I have listened to and watched with interest the self-destruction of the Green Party leadership.
I am a keen ecologist, and have planted thousands of trees and created an area for a Queen Elizabeth II covenant, so could be called a greenie.
With the change in our climate, I believe the burning of coal and oil is not sustainable, and we have installed solar panels for power. But when a friend, David Clendon MP, being a fine and forthright man, is thrown out of the Green caucus for his honesty, I am seriously disturbed.
My wife and I have known him for many years, and appreciate his knowledge and commitment to the ecology of our country and the Green Party of New Zealand. So in my opinion it is a sad day for New Zealand politics when honesty is trumped by people who have owned up to theft from us taxpayers.
It is not a have/have not issue, as shown by Doug Graham and his involvement with a finance company stealing from others. It can be anyone. But it is a moral problem and an issue about trust.
We all make decisions every day, but the Greens' leader, in my opinion, has made some very bad decisions.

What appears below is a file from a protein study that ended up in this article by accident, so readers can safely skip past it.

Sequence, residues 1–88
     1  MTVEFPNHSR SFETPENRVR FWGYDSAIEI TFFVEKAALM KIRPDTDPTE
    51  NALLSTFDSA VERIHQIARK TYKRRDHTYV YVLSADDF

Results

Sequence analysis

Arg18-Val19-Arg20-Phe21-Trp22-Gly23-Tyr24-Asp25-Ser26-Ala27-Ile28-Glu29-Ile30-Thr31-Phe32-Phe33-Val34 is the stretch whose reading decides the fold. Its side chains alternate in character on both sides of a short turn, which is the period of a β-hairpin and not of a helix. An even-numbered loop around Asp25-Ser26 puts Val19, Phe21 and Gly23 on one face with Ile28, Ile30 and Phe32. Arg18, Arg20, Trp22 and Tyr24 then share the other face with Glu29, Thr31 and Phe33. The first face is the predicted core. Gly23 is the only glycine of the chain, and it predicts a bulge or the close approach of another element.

We all make questionable decisions, in retrospect, but we rectify them as soon as we able. Honesty is still the best policy, I believe.
This has lowered the standard of New Zealand politics to a level that I never thought we would get to when I stood in 1999.
In my opinion we cannot condone theft in any form, whether some think it justified or not. We all have choices, and most of us know the right ones. We are thought of as a one of the least corrupt countries, but this may not enhance that opinion.
I do not want to be led in government by someone who thinks theft and fraud are a legitimate way of getting ahead.
We may not agree with our elected representatives, but we should at least believe they are honest.